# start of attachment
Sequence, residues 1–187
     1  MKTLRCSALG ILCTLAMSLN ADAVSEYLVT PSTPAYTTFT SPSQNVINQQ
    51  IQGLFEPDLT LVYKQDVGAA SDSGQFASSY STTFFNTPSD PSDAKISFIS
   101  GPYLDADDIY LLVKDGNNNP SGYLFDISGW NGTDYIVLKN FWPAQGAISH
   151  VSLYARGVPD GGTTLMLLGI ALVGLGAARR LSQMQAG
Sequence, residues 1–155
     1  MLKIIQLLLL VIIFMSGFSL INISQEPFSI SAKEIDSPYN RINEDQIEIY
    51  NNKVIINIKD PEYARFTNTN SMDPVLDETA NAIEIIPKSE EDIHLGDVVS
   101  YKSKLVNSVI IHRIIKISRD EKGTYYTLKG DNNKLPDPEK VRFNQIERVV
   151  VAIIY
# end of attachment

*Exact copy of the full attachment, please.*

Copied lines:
Sequence, residues 1–187
     1  MKTLRCSALG ILCTLAMSLN ADAVSEYLVT PSTPAYTTFT SPSQNVINQQ
    51  IQGLFEPDLT LVYKQDVGAA SDSGQFASSY STTFFNTPSD PSDAKISFIS
   101  GPYLDADDIY LLVKDGNNNP SGYLFDISGW NGTDYIVLKN FWPAQGAISH
   151  VSLYARGVPD GGTTLMLLGI ALVGLGAARR LSQMQAG
Sequence, residues 1–155
     1  MLKIIQLLLL VIIFMSGFSL INISQEPFSI SAKEIDSPYN RINEDQIEIY
    51  NNKVIINIKD PEYARFTNTN SMDPVLDETA NAIEIIPKSE EDIHLGDVVS
   101  YKSKLVNSVI IHRIIKISRD EKGTYYTLKG DNNKLPDPEK VRFNQIERVV
   151  VAIIY